My dad is a biologist and seems to have a head full of knowledge about everything in the world. At least that was my opinion as a kid, which encouraged me to ask a never ending stream of questions with the expectation that they would all get answered. And for the most part he met that expectation. He never acted like a question I asked was silly or that it wasn’t worth answering. And today I still have an insatiable curiosity and the expectation that my questions will get answered. Not necessarily by my dad all the time, but I have faith that the answer is out there somewhere, and I don’t feel silly if I go looking for it.
And even though the *system* may not be setting kids up for success, there are still some really great *teachers* out there who are. These are the people who know the value of skills that can’t be measured. They may not be able to draw up a graph to show how their students are successful in areas like “problem solving” or “critical thinking” but they still work hard to teach those things anyway, all the while having to check off boxes of state standards. These teachers could have a much easier time if they would just teach to the test, but instead they know the value of making their students work hard and tackle challenges. One teacher I had would continually tell us that “stress builds character.” His assignments were huge and complicated and totally stressed me out. But when I finished with one and knew that I had figured out how to meet his expectations I felt extremely proud of myself. And that built confidence that I would be able to tackle the next hard, stressful project in the future.
##I want even more of the good stuff for my kids…
As I’ve learned more about different educational approaches, I’ve found that the philosophy behind “unschooling” resonates deeply with what I’ve decided is important for a child’s future success. It’s also pretty much the opposite of what I experienced. As the name implies, it foregoes most elements of what most people consider “school” and instead trusts that the most important education happens in real life experiences. Some of the things I what to emphasize in my children’s education fit very nicely in this philosophy.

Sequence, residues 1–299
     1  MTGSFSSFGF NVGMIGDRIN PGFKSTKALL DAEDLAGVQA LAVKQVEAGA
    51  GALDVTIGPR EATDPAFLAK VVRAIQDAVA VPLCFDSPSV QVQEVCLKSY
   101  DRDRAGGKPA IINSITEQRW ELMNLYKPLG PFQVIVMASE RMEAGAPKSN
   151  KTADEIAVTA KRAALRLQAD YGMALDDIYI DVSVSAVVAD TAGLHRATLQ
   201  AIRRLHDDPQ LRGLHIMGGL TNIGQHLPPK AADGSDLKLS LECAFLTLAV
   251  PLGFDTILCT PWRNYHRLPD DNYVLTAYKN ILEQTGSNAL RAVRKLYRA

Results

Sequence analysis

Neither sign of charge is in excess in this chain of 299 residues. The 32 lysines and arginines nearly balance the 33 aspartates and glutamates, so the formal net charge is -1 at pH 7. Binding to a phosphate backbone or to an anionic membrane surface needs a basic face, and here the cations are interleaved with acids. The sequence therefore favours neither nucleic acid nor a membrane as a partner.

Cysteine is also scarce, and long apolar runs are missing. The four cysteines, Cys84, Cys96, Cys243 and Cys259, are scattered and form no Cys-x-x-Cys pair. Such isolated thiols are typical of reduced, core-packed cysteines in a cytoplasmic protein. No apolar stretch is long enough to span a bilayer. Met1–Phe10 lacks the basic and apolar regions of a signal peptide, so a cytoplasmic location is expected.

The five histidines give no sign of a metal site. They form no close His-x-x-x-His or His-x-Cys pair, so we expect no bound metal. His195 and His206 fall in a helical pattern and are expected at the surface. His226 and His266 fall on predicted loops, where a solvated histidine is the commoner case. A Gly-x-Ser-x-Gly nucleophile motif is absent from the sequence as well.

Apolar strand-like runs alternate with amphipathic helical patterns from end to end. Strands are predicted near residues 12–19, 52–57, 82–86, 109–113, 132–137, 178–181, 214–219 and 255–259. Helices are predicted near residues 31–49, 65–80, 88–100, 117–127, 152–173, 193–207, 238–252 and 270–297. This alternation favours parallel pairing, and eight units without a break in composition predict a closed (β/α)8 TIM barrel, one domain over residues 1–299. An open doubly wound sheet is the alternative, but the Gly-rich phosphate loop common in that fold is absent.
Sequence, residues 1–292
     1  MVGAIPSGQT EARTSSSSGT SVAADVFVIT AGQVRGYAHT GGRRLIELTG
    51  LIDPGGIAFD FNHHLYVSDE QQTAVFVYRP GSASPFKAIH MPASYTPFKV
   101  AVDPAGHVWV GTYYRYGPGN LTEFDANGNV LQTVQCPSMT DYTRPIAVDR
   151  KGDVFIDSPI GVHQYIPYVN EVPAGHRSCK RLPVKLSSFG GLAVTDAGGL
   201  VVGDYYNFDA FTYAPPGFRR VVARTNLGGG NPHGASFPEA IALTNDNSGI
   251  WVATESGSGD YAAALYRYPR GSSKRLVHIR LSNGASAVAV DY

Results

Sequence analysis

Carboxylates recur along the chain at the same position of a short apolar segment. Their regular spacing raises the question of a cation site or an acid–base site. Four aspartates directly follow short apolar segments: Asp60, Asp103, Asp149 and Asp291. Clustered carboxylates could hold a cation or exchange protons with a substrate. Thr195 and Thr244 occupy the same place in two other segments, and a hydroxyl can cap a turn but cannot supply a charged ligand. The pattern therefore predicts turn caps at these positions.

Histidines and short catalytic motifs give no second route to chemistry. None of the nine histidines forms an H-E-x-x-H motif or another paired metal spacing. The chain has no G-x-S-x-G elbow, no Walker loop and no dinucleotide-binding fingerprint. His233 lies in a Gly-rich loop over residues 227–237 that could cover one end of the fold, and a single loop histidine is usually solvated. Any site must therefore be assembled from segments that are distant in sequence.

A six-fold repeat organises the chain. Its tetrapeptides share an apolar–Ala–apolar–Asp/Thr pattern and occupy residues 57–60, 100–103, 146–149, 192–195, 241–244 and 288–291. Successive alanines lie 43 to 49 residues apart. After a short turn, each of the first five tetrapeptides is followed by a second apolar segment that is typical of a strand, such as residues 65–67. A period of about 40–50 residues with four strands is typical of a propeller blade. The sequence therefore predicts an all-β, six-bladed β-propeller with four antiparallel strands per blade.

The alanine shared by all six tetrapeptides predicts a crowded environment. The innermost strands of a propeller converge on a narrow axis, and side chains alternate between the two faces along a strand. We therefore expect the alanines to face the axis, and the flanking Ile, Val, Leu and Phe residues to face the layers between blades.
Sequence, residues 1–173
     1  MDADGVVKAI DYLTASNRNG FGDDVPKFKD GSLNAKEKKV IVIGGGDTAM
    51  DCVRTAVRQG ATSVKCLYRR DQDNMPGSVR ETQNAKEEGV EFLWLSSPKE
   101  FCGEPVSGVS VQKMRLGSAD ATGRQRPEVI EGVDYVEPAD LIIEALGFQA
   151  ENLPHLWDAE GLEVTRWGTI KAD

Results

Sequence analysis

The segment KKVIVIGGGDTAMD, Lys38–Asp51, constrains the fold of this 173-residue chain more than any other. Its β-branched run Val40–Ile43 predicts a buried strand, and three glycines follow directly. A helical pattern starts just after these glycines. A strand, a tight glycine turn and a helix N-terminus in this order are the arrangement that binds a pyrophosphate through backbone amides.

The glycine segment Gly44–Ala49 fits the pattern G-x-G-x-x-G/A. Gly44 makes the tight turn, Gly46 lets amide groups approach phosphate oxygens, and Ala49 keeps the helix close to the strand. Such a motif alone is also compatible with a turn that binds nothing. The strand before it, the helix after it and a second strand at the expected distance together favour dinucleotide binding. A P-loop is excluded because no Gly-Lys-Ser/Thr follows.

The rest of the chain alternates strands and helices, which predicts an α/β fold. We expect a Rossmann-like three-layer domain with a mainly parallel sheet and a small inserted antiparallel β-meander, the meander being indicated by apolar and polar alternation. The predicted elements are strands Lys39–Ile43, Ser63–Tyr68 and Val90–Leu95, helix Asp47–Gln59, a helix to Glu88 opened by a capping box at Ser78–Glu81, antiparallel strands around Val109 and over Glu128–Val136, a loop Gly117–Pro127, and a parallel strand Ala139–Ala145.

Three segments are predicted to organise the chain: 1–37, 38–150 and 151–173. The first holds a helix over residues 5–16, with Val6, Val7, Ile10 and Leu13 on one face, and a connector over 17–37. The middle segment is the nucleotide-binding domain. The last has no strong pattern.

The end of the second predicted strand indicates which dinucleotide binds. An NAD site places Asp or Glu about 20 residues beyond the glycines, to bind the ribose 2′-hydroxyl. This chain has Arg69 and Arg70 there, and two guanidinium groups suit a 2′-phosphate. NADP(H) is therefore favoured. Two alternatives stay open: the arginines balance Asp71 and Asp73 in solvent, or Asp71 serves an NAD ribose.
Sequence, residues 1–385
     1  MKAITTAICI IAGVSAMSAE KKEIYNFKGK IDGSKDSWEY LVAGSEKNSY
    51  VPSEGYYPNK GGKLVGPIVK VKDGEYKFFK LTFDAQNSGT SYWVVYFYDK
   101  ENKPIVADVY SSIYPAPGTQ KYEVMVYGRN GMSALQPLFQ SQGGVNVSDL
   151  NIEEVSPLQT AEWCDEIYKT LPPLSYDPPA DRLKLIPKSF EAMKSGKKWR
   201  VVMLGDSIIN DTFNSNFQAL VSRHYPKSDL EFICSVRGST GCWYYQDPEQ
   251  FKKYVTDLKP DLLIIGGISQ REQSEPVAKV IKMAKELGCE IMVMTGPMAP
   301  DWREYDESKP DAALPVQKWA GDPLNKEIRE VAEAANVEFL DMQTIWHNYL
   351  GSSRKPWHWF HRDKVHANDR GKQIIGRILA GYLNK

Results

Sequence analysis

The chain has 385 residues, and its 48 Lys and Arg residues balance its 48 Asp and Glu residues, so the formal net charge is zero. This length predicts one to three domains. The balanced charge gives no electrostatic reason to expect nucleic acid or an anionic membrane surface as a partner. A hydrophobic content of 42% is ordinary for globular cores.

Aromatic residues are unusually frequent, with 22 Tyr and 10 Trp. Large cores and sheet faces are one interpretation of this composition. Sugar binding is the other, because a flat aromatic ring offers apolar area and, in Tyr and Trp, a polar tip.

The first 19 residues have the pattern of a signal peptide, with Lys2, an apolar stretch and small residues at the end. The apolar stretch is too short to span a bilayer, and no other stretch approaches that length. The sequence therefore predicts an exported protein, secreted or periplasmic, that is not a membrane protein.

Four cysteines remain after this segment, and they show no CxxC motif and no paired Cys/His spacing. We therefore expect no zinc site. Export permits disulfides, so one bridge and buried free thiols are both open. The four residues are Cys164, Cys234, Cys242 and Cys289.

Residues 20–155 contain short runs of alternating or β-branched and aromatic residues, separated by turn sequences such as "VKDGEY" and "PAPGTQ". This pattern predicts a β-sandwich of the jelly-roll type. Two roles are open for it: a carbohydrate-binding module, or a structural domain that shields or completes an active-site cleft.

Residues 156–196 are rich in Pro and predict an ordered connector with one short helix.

**1. I want my kids to recognize authentic success.** I want them to be proud of themselves, not just for a nice red “A” on a piece of paper, but because they have done something that’s of real value. Whether it’s finding a solution to a problem they’ve been having, or using their skills to help another person.
**2. I want my kids to know what they love.** I want to make sure they have the time, freedom, and encouragement to explore and dive deep into whatever interests them. If they are given this opportunity early on, maybe by the time they get to college they’ve have a better idea than most 18 year olds about what to devote the next 4 years of study (and the thousands of dollars of tuition!) to. And it’s my belief that when a person works within their passions, they are most likely to make a positive impact in the world.
**3. I want my kids to get their education from people who care about them, not from standards and textbooks.** My son is already blessed with a family and community of friends who have a lot to offer him. I want him to have plenty of opportunities to be with these people, see what they do, and soak up their wisdom.
I didn’t always intend to homeschool. In fact, there was a time when I thought I would spend my adult years teaching in a traditional classroom myself. And I in no way believe that children in public school classrooms today are doomed to failure. There are a lot of wonderful, dedicated teachers out there who serve the children in their classrooms in amazing ways. And a lot of wonderful, dedicated parents who make sure their children get the education they need. I just know that there are a lot of opportunities out there that can be overlooked in a classroom. And I don’t want my kids to miss them.
I’ve included this post in the link up at Intentional Homeschool.